DES MOINES, Iowa - Newt Gingrich blamed a poor showing in the Iowa caucuses on his rivals' attack ads and seemed to conclude that turnabout is fair play as he pressed on with a new aggressive stance against front-runner Mitt Romney, who won the first Republican presidential contest by a.
After criticizing Romney for running a negative campaign and promising to stay positive, Gingrich, who placed 4th in the caucus with 13 percent of the vote, appeared before supporters to criticize the former Massachusetts governor as someone who couldn't bring change to Washington. He also planned to run television ads against Romney in the next three states to vote New Hampshire, South Carolina and Florida.
The former House speaker called Romney a "Massachusetts moderate who, in fact, is pretty good at managing the decay." He said the ex-governor has "given no evidence in his years in Massachusetts of any ability to change the culture or change the political structure."
Gingrich continued to hammer away at that theme, placing a full-page ad in the Manchester Union Leader Wednesday laying out "The Choice," in which he labeled Romney a "Timid Massachusetts Moderate," while calling himself a "Bold Reagan Conservative."
Despite the fourth-place finish in Iowa, Gingrich said he does not foresee the GOP race ending anytime soon.
"One of the things that became obvious in the last few weeks in Iowa is that there will be a great debate in the Republican Party before we are ready to have a great debate with Barack Obama," he said.
Gingrich congratulated two other contenders, Rick Santorum and Ron Paul, for strong showings ahead of him but emphasized he will air contrasts between himself and Romney. He praised Santorum, who ran neck and neck with Romney to win the caucuses, for running a "great, positive" campaign. And while he praised Paul, who garnered 21 percent of the vote in Iowa, he warned his foreign policy was dangerous.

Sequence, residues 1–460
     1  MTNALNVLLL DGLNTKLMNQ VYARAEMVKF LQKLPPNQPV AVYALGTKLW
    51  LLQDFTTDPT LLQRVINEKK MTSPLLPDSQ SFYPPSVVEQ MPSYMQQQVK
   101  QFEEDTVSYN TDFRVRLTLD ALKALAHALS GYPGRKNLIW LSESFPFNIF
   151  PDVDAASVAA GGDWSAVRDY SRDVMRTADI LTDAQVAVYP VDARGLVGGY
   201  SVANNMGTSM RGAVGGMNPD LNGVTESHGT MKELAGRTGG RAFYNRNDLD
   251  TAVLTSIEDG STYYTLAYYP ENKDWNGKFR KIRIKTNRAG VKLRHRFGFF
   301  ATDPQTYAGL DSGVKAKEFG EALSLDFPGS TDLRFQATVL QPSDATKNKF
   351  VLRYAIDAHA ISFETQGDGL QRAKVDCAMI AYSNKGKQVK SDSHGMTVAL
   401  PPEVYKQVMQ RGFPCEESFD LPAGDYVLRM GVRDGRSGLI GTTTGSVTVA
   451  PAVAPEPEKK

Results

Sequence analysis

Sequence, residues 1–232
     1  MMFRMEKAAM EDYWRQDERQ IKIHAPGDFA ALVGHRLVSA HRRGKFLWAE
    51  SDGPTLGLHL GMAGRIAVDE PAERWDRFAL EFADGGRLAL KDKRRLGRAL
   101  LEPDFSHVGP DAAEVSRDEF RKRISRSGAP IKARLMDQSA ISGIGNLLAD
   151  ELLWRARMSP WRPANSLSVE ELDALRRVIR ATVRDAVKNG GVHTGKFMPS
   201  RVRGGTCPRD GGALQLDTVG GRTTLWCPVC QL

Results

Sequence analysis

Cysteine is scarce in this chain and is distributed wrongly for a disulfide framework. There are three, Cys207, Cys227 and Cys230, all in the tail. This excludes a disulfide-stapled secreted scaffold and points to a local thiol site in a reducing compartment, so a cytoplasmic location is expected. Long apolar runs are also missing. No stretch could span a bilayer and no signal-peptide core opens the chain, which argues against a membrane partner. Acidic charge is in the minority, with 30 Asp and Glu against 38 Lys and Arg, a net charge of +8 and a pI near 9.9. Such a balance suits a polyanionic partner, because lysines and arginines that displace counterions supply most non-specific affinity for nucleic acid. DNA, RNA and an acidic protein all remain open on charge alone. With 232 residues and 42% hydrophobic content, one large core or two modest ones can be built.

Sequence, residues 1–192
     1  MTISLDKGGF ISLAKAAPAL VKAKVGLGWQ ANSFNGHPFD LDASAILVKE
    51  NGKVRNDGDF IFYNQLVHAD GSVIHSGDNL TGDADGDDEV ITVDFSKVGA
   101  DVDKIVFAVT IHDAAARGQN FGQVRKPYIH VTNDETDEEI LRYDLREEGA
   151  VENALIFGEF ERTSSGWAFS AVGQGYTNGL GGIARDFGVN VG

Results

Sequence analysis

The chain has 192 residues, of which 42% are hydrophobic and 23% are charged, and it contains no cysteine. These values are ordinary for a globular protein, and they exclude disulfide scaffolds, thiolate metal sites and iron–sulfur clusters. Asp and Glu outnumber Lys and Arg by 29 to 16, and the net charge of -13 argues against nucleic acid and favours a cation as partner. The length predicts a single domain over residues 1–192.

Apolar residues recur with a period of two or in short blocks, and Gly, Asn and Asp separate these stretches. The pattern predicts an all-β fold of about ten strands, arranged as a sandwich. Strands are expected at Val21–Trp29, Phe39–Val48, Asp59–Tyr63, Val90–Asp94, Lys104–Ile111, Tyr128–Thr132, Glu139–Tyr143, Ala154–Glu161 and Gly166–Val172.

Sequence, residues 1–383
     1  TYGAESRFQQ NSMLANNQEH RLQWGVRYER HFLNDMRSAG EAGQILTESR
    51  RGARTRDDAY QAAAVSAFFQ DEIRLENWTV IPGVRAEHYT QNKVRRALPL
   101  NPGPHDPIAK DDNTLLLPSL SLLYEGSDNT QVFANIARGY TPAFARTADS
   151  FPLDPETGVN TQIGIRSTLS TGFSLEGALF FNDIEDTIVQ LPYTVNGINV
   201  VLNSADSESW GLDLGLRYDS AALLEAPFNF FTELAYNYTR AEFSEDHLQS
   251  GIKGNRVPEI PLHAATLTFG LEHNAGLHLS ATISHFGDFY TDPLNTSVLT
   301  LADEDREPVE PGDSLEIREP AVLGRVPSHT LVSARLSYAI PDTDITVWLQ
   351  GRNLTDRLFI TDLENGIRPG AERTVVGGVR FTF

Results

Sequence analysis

Earlier Tuesday, Gingrich vowed to fight on and said the negative ads against him, many run by a political action committee backing Romney, had taken a toll. Gingrich told The Associated Press while grabbing a snack at his hotel coffee shop that he just needed a little more time to reach out to voters and rebuild the lead he once held but that evaporated in a barrage of attack ads.
"We needed two more weeks," he said.
At least one pro-Gingrich super PAC also was getting into the mix.
"We definitely plan to engage," said Rick Tyler, a former longtime Gingrich aide now working for the pro-Gingrich super PAC Winning our Future. "I think that Newt has signaled a communications shift in which he wants to define Romney and to draw a contrast between his record and Romney's."
Tyler declined to be specific about the group's plans. The independent political action committees are banned by law from coordinating with the candidates they are supporting.
A key question is whether Gingrich will have the cash to wage an effective assault. A spokesman said he'd raised roughly $9 million in the last three months of the year but that he would spend most of it to compete in Iowa. It is also unclear how much money the pro-Gingrich PACs have raised.
Gingrich said it is not negative "to accurately describe someone's record."
"He doesn't tell the truth," Gingrich said.